Andy’s Commuter Services (“ACS”) operates a weekday flight service between Stansted Airport and Exeter. ACS uses a Tupolev Tu-154, the “Whiskers of Stalin”, to run the service. The Whiskers of Stalin is powered by three rear-mounted Kuznetsov NK-8-2 low-bypass turbofan engines. It has a capacity of 164 passengers, plus crew. On a normal day, the service operates two round trips: one in the morning, and one in the evening. On average, each round trip runs with 90 passengers, making a profit of £1500 after expenses. This gives a daily profit of £3000. Recently, the engines had started to wear out, and so Andy decided to upgrade to new more fuelefficient Soloviev D-30 KU-154 turbofans . Ray worked out that with new more powerful engines, it would be possible to run additional round trips both morning and evening. Ray estimated this would increase the daily profit to £6000. In addition to the extra flights, Andy thought that ACS could start running tourist flights to Newquay to enable surfing enthusiasts from London to access the beaches in Cornwall. Andy calculated that they could expect to make around £2000 profit from each such trip, so he decided to go ahead. Vintage Soviet Supplies (VSS) is a supplier of soviet era aircraft parts. Andy contacted VSS, and they discussed part-exchanging the old engines for new units. VSS followed up that conversation with the following e-mail on 1 August: “Thank you for your enquiry. I have considered your needs and we are looking at a part-exchange of your three Kuznetsov NK-8-2 turbofans for three new Soloviev D-30 KU-154 turbofans we’ve got in stock, for a specially discounted net price of £50,000. This would not include removal of the
old engines, or fitting of the new engines. We would guarantee that this would increase the speed of the Whiskers of Stalin so that you would be able to run three round trips in the morning and another three in the evening. Delivery of the new engines would be at the Stansted Airport on 7 August. You would need to ensure that we could pick up the Kuznetsovs at the same time. How does this sound
to you?”
Andy faxed a reply on the morning of 2 August:
“Let me know if you would be prepared to take £55,000 to remove the old engines and fit the new ones, so that I know whether to try to find my own fitter.”
The sales director of VSS was on holiday, and unfortunately had not made arrangements to have anyone run the business for the following week. Getting no reply, Andy decided to look for a fitter, and found one who quoted £3000 to remove the old engines and fit the new ones. He sent another fax to VSS on 3 August, as follows:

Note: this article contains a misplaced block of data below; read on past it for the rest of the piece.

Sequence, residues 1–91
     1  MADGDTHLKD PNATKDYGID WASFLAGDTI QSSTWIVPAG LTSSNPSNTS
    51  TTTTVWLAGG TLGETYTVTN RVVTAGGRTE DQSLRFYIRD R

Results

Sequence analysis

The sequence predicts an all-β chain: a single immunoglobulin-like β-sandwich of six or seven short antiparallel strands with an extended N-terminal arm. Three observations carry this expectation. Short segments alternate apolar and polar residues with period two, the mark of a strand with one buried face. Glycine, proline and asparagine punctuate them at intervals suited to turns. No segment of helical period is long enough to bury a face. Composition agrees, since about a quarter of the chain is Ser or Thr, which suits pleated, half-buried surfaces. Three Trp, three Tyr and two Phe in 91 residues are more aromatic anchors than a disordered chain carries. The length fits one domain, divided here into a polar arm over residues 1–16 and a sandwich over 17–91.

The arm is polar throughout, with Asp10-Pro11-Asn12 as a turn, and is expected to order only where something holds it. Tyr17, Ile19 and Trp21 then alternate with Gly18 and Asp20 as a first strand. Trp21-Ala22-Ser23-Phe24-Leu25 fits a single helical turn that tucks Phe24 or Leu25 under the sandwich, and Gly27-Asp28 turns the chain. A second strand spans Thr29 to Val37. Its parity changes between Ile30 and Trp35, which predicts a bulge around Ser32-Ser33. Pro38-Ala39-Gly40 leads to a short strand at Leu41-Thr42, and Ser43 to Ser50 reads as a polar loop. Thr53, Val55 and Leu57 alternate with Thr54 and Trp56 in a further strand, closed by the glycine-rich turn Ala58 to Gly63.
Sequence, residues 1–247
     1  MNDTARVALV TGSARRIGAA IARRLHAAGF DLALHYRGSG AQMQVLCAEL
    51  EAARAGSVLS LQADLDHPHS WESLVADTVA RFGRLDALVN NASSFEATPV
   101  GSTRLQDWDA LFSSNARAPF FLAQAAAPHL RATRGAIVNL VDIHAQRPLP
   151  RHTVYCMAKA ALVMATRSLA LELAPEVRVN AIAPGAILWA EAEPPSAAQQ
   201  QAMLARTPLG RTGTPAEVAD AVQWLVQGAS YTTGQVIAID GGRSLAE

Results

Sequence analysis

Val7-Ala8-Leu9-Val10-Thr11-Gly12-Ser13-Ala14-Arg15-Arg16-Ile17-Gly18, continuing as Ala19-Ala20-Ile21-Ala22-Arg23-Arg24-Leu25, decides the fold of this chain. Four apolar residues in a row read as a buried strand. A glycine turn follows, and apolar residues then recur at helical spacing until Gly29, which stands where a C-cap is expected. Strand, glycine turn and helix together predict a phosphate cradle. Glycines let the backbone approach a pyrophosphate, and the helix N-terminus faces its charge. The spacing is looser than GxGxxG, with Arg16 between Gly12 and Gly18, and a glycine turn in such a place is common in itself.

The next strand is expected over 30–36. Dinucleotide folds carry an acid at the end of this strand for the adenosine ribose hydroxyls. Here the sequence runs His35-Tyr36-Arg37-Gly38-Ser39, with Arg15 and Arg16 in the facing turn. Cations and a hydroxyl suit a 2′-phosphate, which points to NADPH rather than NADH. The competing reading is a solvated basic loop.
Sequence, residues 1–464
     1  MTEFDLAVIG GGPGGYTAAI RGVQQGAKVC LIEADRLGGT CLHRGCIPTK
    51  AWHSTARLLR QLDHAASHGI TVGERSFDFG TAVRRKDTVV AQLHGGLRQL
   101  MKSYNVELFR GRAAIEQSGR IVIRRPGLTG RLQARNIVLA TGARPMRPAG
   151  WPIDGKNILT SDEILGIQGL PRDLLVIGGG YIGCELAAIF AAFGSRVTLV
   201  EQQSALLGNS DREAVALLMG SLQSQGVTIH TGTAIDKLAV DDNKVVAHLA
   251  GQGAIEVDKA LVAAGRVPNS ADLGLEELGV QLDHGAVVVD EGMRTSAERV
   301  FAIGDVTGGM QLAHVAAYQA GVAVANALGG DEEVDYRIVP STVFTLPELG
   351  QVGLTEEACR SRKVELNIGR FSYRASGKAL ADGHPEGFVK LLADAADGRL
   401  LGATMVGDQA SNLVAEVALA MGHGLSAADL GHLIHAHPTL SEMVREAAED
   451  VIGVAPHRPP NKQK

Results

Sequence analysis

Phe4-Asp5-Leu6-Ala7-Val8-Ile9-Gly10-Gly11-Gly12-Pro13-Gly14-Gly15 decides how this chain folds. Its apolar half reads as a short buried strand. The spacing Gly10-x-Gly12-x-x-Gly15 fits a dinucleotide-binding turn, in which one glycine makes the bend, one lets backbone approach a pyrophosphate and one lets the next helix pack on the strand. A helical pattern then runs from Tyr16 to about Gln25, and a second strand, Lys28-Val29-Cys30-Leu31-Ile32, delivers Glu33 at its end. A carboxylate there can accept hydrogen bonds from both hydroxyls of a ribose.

“Dear Sir, I’ve found a fitter, so, yes, I do want you to deliver the Solovievs on 7 August. I’ll make sure that the Kuznetsovs are available for you to pick up, and will make sure I pay C.O.D. (cash on delivery). This way we can change the engines over the weekend, and not lose any day of service” The sales director of VSS arrived back from holiday on the morning of 7 August, to find Andy’s faxes, together with another fax from a customer offering £65,000 for the Solovievs. He decided to
sell them to the other customer, and sent Andy a fax saying that the Solovievs had now been sold.

Andy was outraged. Because the old engines had been removed, he set about finding some replacement engines from an alternative source as quickly as possible. After numerous enquiries, he managed to find three suitable engines for £70,000 plus the old Kuznetsov engines, but they would not be able to be delivered until 21 August.
ACS took delivery of the new engines on 21 August, having had to close down the flight service for a full two weeks. During that time, due to freak weather phenomena caused by global warming, the largest waves in the world could be found in Newquay, leading to unprecedented demand for travel to Cornwall. ACS would have been able to fly to Newquay at full capacity – which would have made it a daily profit of £5,000 on that route alone, on top of the expected £6,000 profit to be made from doubling flights to Exeter.

Andy put the matter in the hands of his solicitors, Trotsky & Co. They wrote claiming compensation as follows:

£20,000 for the additional cost of the Soloviev engines
£1,500 for disappointment
£60,000 loss of profit on the Exeter flight service – being £6,000 per day for two weeks, Monday to
Friday
£50,000 loss of profit on the Newquay tourist trips – being £5000 per day for two weeks, Monday
to Friday
The amount requested in compensation therefore being £131,500.

VSS put the matter in the hands of their solicitors, Gulag Partners, who replied to rotsky & Co in the following terms:

“We will not be meeting your client’s claim for the following reasons:
Our client’s e-mail of 1 August was not an offer to sell, so that no contract between our client and yours can have resulted from it. Even were it to be construed as an offer, your client’s fax of 2 August was a counter-offer, so your client will not thereafter have been able to accept any offer made on 1 August. Even if our first two contentions are not made out, your client’s two claims for loss of profit are too remote, and your client’s claim for disappointment not recoverable, so that the maximum amount of
compensation which your client would be entitled to is for £30,000.”
Advise Andy.